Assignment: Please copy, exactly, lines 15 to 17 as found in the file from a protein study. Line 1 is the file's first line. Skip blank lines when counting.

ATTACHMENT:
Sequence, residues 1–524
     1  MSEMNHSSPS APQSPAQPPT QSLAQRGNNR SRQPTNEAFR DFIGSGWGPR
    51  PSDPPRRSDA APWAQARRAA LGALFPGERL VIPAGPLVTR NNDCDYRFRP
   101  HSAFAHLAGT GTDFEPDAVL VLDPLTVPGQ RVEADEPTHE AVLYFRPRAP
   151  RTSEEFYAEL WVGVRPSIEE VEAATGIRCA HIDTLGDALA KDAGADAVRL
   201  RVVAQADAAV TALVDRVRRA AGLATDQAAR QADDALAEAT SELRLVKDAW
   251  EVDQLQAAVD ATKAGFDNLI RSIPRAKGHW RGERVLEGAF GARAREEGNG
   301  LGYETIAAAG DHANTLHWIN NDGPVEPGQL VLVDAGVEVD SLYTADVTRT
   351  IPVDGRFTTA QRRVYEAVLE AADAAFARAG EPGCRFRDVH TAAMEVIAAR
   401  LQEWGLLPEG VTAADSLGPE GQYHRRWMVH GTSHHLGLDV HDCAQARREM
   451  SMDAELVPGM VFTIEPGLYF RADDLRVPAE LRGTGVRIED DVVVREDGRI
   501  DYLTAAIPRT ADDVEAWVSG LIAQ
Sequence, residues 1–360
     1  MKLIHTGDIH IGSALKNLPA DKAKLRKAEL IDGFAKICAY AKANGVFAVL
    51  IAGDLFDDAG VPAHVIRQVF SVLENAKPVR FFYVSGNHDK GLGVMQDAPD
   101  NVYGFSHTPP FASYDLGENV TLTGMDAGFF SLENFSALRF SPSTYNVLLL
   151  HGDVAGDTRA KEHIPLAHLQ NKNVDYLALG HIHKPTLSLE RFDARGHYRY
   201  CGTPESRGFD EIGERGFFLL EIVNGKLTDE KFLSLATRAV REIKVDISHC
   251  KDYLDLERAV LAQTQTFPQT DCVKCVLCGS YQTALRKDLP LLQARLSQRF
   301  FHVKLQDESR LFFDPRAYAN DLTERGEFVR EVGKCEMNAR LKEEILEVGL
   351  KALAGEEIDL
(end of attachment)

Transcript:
    51  IAGDLFDDAG VPAHVIRQVF SVLENAKPVR FFYVSGNHDK GLGVMQDAPD
   101  NVYGFSHTPP FASYDLGENV TLTGMDAGFF SLENFSALRF SPSTYNVLLL
   151  HGDVAGDTRA KEHIPLAHLQ NKNVDYLALG HIHKPTLSLE RFDARGHYRY